Building a Cult….. Brand

Imagine inspiring loyalty within a small group of followers who will stick around through thick or thin. Sounds great, doesn’t it? This in branding terms is the white whale of the industry often described as a Cult Brand. 

A cult brand is incredibly lucrative as its loyal customer base is very unlikely to switch to competitors and will often be seen recommending or promoting the cult brand’s products.

So how does a brand go about attaining a cult-like status and what can we learn from this?

To pull it off you need a deep understanding of culture, creativity, and emotion. Powerful emotions and clever creative ideas are the difference between the average and the bloody grand. Like any good cult, there are psychological considerations to be taken into account which can drive the thinking that inspires this kind of super cool work.

– Good VS Evil

“Find an enemy… make sure they know who the enemy is.” – Jim Jones, Cult Leader.

All the best cult leaders have an ‘enemy’ who they are fighting with their divine vision. A great cult brand wages war against a brand, trend or for a cause. A fabulous example of this is the Apple “Think Different” campaign which created an enemy of PCs and presented themselves as the ‘superhero’ equivalent of your computer choice.

– Something to believe in

One of my flipping favourite brands Harley Davidson reached cult status through shared values that bring together their audience and personify the brand. The ideas of freedom, speed, and luxury inspire loyalty in their followers.

– Create a universal experience

Humans bond over shared experiences, within a cult brand creating a unique experience that your following can connect with helps your brand achieve cult-like status.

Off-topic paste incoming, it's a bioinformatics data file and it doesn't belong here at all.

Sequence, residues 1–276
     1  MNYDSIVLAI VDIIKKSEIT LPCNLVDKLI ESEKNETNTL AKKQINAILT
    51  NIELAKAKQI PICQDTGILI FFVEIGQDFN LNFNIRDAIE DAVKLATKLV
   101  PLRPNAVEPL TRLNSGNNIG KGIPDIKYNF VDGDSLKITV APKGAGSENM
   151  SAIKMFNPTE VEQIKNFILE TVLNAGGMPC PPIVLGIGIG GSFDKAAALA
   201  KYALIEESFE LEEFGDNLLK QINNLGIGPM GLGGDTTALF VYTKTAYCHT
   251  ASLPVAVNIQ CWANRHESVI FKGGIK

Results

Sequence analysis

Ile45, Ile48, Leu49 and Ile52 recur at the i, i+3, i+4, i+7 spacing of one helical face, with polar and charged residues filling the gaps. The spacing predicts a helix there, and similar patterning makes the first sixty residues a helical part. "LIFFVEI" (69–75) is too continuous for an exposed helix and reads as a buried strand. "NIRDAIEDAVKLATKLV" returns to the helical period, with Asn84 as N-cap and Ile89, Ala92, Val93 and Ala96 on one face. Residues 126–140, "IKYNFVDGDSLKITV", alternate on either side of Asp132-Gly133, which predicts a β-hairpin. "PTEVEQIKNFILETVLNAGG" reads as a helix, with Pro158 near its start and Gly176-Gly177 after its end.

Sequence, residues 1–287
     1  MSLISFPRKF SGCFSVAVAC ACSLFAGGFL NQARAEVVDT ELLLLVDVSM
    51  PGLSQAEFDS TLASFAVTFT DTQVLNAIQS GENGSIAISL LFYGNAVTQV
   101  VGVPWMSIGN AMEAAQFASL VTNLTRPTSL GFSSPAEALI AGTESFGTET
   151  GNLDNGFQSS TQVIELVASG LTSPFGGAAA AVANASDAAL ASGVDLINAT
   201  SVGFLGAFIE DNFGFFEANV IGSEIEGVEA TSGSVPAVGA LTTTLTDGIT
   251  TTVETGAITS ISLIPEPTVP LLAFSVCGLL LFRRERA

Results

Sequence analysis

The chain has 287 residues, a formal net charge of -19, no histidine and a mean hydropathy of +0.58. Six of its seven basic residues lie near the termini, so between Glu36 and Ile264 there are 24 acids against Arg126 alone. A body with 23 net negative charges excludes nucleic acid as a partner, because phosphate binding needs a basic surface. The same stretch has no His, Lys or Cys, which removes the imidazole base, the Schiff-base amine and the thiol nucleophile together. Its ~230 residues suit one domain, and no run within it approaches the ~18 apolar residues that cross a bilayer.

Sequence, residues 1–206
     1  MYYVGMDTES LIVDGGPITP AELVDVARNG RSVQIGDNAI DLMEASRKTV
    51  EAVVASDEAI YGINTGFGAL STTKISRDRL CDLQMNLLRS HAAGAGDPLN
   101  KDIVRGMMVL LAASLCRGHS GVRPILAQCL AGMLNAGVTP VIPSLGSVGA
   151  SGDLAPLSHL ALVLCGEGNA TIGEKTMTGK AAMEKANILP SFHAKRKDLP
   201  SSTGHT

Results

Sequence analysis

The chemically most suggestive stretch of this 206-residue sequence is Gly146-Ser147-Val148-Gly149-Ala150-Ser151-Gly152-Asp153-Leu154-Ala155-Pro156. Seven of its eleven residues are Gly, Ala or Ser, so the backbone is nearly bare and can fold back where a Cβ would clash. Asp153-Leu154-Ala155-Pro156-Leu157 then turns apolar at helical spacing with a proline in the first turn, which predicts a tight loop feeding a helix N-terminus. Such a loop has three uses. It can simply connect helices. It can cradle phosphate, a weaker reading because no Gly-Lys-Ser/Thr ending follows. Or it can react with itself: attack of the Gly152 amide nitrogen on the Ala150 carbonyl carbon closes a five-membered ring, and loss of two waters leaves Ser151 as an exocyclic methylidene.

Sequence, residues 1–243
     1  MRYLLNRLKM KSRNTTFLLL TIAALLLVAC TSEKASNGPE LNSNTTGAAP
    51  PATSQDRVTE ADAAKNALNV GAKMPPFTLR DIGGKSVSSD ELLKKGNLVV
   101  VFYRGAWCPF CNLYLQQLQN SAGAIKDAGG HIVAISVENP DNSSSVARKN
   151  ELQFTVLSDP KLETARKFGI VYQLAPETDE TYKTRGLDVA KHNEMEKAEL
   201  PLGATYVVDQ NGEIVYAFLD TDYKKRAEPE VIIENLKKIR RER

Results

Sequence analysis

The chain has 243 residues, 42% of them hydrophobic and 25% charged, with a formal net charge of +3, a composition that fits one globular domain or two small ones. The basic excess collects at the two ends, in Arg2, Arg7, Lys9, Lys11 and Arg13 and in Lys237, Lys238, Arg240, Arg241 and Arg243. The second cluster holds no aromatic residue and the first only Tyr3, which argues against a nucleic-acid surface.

When it comes to brands there is no greater example than Ikea who has created the ‘Ikea Experience.’ Going to Ikea isn’t convenient. It is one of the best examples of how saying screw it to customer experience design can go amazingly. At Ikea, we often have to drive far, walk around the whole store to find one item, load our own car and put together the furniture ourselves. Talk about a nightmare!

What’s particular ‘culty’ is that you then rave about the furniture to your friends and family, declaring your love for the brand and inspiring others to follow your behaviour.

– Cult-like rituals strengthen brands

Rituals are a type of ceremony consisting of a series of actions performed according to a prescribed order. Simple things like giving someone a birthday or Christmas card are an example of doing a certain action in a prescribed order.

The next time you’re dunking an Oreo or bringing a box of favourites “when you’re told not to bring a thing” keep in mind that you are following a branded ritual.

– Shared vision exclusive products and services

A great cult brand is human and inclusive but that doesn’t mean it’s easy to obtain. Like many cults, a brand will have different ‘levels’ to climb so to speak. Limited release products, expensive prices, and influencer promotion leave something to aspire to for their loyal followers creating a desired lifestyle that can only be ascertained through purchase. Furthermore, without purchase, the consumer is left feeling isolated from the brand cult lifestyle often purchasing to be a part of the community. After all, you can’t be a Harley Davidson rider on a Vespa scooter, am I right? 

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